Jun 302019

You may not be aware that today is Refugee Sunday. For decades St Philips has been spiritually, personally and materially active in this justice ministry through Wakimbizi, one of the church’s many ‘out’ focused ministries. ~ Malcolm

Life in a refugee camp.

Few of us fully appreciate how tough life in a refugee camp can be.  Jeremy Largo, a member of this congregation, is one who has experienced the full horror of it.  Even in his resettlement in Australia, he is experiencing the awful suffering of those in the camp.  Four months ago, Jeremy learnt the tragic news of his daughter’s death in the Kakuma camp in Kenya.  She died after giving birth to twins, both of whom have also passed away. Grace had no husband; he was killed in the civil war in Sudan.  She leaves five orphaned kids, all under 12 years old.

Grace’s kids are now cared for by Lucy, her best friend, a single mother with seven children of her own.  Their humble home is totally inadequate to accommodate the enlarged family and, with the onset of the rainy season, conditions could hardly be worse. Understandably Jeremy is devastated and frustrated at his inability to do little more than talking by phone each day with Lucy and his surviving grandchildren. 

The Wakimbizi group helped settle Jeremy here in Perth back in 2005.  He later moved east for several years but returned in 2017 determined to rebuild his life, beginning by joining this parish.  Through the good agency of World Vision (bless you, Donna) the Lutheran World Federation was able to visit and assess the needs of the orphans and their carers.  (We have the list and it is extensive!)  World Vision has also promised aid to the family.  The Wakimbizi group was able to provide some immediate relief and, through the generosity of this congregation, has now sent funds for provision of a shelter.  Hopefully, construction can start soon.  Pastors from St Philips Kalobeyei have visited Lucy and the orphans to comfort and assist them.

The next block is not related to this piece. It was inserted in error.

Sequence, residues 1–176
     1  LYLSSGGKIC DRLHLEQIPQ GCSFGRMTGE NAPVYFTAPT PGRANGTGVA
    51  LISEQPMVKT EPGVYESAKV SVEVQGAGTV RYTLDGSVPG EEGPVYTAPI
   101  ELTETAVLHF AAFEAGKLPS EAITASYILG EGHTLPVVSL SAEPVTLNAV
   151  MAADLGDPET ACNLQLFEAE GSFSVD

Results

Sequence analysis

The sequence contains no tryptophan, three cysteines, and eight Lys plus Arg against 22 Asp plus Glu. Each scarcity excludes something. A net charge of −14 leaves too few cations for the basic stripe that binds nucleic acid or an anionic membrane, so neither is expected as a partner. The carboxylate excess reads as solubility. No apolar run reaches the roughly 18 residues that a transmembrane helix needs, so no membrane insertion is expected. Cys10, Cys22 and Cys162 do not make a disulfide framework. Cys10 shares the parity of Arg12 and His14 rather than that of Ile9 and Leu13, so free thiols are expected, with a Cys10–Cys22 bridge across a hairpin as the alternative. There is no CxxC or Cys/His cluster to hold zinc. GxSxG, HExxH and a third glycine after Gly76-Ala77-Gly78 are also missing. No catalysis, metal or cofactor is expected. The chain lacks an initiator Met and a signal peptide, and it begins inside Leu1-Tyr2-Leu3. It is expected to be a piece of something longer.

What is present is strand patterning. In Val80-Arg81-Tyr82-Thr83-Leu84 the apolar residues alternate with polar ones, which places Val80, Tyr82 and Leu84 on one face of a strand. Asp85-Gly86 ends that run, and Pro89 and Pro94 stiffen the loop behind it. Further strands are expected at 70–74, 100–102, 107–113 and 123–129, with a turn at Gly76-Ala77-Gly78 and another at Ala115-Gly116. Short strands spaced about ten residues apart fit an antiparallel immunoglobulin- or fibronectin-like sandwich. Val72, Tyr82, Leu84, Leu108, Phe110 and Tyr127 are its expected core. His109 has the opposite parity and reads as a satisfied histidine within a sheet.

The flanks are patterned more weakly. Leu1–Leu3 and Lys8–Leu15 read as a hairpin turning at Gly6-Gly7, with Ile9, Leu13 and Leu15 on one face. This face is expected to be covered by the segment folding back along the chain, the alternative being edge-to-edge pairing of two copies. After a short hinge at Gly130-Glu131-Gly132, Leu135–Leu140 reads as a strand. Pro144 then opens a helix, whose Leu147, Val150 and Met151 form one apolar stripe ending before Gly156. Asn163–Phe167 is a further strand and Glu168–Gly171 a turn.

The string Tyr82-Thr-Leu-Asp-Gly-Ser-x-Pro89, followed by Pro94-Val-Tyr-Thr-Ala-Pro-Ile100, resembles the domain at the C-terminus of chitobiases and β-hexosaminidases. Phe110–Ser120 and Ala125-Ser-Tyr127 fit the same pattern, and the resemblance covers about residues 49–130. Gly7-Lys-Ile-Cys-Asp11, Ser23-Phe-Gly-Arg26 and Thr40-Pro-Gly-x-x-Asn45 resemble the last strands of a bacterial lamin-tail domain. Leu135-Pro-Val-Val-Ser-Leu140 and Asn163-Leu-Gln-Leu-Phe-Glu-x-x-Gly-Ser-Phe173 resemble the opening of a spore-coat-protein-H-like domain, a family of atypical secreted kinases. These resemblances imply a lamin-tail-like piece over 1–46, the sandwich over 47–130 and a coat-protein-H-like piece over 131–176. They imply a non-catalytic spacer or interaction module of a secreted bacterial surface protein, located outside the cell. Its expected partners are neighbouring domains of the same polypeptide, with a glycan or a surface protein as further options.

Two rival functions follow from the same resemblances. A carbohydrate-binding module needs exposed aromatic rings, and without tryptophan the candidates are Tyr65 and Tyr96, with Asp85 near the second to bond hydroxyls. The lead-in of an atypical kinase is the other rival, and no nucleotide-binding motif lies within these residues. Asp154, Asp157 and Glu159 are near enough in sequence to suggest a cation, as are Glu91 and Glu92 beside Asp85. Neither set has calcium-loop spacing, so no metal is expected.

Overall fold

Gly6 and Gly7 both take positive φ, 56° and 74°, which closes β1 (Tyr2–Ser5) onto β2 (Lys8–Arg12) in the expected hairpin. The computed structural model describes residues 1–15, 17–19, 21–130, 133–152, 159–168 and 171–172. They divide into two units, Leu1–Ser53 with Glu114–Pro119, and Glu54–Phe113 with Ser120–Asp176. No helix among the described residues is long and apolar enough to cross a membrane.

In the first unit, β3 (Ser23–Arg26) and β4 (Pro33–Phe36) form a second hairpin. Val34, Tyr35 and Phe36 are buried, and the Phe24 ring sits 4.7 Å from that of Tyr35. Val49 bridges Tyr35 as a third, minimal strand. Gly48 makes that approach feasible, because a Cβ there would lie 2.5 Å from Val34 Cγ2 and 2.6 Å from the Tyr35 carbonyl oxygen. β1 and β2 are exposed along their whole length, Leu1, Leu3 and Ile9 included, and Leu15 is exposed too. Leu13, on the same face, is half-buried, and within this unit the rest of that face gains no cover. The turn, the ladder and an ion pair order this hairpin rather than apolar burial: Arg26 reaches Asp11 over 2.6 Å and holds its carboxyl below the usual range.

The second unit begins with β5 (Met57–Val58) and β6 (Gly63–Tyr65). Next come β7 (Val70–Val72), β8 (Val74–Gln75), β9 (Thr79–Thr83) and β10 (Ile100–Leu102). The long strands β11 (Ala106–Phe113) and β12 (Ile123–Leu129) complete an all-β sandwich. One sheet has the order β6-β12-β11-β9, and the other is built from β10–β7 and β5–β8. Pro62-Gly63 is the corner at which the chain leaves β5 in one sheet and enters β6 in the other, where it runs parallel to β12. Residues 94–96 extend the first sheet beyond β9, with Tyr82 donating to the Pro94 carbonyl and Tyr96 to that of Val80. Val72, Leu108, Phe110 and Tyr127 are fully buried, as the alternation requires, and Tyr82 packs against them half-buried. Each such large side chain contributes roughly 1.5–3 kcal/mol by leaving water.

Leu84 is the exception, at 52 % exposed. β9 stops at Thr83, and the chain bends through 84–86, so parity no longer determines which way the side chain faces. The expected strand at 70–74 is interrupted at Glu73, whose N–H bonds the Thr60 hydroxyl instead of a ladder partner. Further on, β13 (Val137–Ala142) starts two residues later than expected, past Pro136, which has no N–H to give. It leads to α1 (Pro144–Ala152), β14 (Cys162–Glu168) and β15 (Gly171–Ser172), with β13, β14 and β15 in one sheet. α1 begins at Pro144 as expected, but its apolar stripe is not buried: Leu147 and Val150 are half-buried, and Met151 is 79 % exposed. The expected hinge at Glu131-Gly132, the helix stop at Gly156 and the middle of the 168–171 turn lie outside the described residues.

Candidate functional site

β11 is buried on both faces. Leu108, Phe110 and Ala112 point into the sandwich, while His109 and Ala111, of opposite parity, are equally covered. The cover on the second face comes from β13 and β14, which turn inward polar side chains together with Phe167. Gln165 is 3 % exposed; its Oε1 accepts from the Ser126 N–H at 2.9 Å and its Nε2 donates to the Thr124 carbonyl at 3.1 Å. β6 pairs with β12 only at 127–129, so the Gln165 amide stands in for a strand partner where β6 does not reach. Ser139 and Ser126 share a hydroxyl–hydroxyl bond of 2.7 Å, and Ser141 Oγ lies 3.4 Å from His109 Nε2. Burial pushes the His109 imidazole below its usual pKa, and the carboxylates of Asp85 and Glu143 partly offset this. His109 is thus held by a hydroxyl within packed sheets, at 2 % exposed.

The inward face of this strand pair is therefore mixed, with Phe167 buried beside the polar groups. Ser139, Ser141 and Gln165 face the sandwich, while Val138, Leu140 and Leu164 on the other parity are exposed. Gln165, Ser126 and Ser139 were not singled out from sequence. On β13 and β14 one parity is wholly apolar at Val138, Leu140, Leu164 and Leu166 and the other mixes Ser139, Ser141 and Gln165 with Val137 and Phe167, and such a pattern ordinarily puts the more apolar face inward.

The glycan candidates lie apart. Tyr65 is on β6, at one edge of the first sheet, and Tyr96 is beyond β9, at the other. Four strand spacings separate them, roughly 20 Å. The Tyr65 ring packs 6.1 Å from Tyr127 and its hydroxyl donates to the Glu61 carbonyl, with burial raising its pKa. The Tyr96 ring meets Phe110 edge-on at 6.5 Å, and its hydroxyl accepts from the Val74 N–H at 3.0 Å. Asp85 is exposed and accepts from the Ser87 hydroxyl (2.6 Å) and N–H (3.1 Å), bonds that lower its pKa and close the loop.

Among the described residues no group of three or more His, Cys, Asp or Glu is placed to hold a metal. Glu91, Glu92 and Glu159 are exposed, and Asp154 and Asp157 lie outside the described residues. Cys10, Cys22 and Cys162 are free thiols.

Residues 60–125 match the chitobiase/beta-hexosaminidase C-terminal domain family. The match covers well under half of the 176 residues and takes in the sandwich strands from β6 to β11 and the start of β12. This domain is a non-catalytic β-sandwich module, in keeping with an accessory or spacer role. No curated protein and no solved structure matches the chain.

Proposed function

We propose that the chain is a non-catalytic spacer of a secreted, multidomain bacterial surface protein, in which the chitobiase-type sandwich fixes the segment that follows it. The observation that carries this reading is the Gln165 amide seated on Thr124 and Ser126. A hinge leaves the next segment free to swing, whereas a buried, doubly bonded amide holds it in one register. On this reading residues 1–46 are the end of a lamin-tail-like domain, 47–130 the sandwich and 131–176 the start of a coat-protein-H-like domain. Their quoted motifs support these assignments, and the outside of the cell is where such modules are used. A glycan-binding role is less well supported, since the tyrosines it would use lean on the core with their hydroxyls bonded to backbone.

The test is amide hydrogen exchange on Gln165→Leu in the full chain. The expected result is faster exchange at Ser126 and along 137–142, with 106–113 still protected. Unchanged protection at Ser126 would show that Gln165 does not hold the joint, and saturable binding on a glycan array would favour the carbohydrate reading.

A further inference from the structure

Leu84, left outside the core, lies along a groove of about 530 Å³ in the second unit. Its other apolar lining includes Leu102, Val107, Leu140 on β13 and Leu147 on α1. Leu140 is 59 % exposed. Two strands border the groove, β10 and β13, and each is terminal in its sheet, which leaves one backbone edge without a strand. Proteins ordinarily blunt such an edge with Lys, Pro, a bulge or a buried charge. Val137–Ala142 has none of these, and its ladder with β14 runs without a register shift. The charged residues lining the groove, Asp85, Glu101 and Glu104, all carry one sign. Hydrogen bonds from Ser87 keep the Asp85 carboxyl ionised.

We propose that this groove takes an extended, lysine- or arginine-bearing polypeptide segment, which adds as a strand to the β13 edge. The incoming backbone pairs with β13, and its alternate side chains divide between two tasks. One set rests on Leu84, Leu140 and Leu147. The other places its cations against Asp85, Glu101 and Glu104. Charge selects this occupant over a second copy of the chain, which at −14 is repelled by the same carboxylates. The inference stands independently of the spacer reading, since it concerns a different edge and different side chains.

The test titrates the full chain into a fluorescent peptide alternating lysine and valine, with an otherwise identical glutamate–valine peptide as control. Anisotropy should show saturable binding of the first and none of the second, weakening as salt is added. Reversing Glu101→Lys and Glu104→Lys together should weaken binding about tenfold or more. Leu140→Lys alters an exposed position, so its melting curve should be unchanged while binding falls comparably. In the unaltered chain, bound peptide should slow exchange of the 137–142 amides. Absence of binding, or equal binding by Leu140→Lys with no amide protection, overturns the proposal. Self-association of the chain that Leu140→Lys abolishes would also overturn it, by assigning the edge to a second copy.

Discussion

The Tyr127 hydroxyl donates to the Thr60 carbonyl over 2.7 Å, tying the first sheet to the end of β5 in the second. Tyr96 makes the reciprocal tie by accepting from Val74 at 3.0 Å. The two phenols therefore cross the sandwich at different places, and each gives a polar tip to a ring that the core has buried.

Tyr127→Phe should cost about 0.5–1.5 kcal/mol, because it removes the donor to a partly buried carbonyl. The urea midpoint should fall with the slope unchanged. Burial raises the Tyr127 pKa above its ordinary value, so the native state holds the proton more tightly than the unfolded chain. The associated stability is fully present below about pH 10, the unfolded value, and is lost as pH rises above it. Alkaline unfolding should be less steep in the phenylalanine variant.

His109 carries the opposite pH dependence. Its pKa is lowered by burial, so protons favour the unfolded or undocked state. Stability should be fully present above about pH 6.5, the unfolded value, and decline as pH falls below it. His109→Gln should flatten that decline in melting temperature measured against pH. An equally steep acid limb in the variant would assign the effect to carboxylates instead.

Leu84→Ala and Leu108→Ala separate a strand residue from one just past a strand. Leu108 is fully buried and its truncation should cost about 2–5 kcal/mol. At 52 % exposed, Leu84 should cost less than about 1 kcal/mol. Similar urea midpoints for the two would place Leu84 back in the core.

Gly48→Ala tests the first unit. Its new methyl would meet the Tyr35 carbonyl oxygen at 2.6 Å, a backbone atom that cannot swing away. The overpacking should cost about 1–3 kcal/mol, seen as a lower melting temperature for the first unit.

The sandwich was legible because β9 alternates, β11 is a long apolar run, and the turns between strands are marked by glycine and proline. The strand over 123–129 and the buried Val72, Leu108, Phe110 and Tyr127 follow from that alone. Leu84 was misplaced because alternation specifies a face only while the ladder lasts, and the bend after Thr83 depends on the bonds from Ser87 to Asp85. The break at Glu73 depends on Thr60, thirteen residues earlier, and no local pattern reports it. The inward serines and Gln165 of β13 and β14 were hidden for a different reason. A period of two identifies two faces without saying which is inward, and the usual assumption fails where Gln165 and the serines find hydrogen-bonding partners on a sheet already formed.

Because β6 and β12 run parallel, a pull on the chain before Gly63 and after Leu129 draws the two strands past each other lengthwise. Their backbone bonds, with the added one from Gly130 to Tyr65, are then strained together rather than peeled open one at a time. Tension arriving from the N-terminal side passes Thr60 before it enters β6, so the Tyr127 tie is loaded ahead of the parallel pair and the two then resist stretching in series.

You may remember a musing headed ’Alphonsine’s Story’?  Aphonsine with her three siblings was also settled in Perth by Wakimbizi, back in 2004.  Well, Alphonsine started a charity, Christian Ebernezer Jireh (CEJ), which provides support for widows, disabled persons and orphans in Uganda, Kenya and Tanzania.  Her mission is to provide for those who slip through the support gaps of other, mainstream NGOs.  Almost single-handedly, she has already funded it to the tune of $180K!  Can you guess how God is working here?  Yes, CEJ is meeting some of the critical needs of these poor orphaned children and their foster mum.  Shortly, you will see a video of the new mattresses and clothes which CEJ provided for the family and hear the words of the grateful kids.  So this is an ongoing story and I intend to relay it to you as it unfolds.  If you feel moved to help shape the outcome, please speak to me or John Pearman.  And please speak to Jeremy, who may not be known to many of you. 

Graham Whitley

Feb 032019

It’s over 60 years since I sat in the stands at Claremont Showgrounds to hear Billy Graham.

I remember the swelling excitement prior to his address and the powerful, compelling message he delivered. Even as first-year high-schooler I was drawn to accept the call to go forward and commit my life to Christ. Instead, I simply progressed through Confirmation in the Presbyterian church I attended.